News from Tomokazu Matsuyama

Dirimart is pleased to announce Tomokazu Matsuyama’s public projects United We Stand Divided  and Nirvana Tropicana in collaboration with Yanköşe and Galataport. Both large scale sculptures by Matsuyama will be exhibited upon invitation by IKSV as an official collateral project to the 17th Istanbul Biennial. 

New York-based Japanese artist is known for his works that entangle cultural parameters. The elements of iconography, fashion, design and architecture, that are carefully classified by art historians and showcased in the museums, are being reorganised by the artist in his works and represented as part of an intricate entity. By blending various forms, patterns, attributes in his paintings, murals, sculptures and video works, the artist aims to create the impressions of “global us.” 

Today’s border-free nonphysical internet space shapes individuals’ physical and psychological identities. Information that one consumes through screens, leading several categorizations, is considered a type of intellectual wealth. Matsuyama regards his works as a neutralisation of this idealisation process through juxtaposition of notion fragments belonging to national and cultural norms. Transforming personal and collective histories into his artistic vision, the artist remains critical yet seeks to stay accessible, approachable and joyful to the audience.

For Yanköşe, Matsuyama re-imagines his sculpture He Sits She Reads (2021) as a large installation. For Istanbul, the city facing daily flow of people from different cultures, the artist expresses his perception on the blend of gender and cultural indicators in the moment of multiplication of identity of new generations. The 17-meter-long work United We Stand Divided depicts two intertwined figures that are composed with historical decorative floral patterns representing East and West. Istanbul: the city with a history composed of mixture of multiple cultures. And the combined portraits of two persons morphing diverse identities, hover in the cityscape as a reminder of how layered the contemporary culture is.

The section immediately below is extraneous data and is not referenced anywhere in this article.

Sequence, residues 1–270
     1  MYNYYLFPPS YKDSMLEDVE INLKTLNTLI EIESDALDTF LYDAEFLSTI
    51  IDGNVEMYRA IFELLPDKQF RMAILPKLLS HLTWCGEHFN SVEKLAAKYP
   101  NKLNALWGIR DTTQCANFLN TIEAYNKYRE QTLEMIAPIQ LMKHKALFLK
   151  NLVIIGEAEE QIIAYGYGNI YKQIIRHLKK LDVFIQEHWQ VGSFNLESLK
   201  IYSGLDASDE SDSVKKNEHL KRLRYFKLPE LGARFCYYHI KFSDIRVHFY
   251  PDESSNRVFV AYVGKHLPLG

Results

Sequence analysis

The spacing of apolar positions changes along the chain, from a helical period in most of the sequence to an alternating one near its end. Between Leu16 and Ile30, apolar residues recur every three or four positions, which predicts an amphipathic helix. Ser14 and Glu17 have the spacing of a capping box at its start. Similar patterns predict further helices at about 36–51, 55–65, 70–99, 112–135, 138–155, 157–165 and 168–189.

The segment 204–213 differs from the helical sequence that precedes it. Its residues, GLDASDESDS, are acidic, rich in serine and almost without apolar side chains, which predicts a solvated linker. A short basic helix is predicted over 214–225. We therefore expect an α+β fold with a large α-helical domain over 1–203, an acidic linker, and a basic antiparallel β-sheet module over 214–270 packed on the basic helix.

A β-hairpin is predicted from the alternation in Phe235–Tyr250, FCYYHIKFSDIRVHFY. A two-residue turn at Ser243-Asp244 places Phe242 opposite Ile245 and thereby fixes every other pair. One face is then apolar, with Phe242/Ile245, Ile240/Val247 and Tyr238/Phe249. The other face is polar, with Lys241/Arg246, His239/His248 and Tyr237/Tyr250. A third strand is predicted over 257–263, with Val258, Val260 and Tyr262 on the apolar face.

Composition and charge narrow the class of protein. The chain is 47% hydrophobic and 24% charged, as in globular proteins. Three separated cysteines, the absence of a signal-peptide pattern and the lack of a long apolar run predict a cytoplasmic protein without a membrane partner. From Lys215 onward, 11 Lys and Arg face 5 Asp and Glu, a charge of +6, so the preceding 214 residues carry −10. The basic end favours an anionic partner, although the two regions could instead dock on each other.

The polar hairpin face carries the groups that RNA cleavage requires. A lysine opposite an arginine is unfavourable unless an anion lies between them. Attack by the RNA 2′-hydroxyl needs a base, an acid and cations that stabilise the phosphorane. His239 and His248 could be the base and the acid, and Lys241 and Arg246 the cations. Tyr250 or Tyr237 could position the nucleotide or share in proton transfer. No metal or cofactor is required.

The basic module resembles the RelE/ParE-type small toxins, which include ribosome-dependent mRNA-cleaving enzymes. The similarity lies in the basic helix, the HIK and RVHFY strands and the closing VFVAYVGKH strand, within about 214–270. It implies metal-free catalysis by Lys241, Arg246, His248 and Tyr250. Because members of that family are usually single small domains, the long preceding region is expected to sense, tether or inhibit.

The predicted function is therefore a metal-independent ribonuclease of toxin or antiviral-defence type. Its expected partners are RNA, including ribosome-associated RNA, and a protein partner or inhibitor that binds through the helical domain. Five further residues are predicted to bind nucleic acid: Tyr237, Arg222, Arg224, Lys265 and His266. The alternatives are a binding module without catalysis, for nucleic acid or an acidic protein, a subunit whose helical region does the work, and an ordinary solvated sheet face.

At the Museum Square at Galataport, Matsuyama places his Nirvana Tropicana (2020) sculpture he created in the midst of the natural catastrophes, Covid19 and windstorm, that hit New York city in row. Due to lockdowns, the city never sleeps seemed deserted, civilization ceased operating, culture wasn’t active, and nature was collapsing. Facing these realities, Matsuyama feels the weight of having to rebuild endlessly. This relentless internal drive is being portraited with body fragments knotted with vegetal elements and patterns, creating plurality of viewpoints that could be described as Cubist.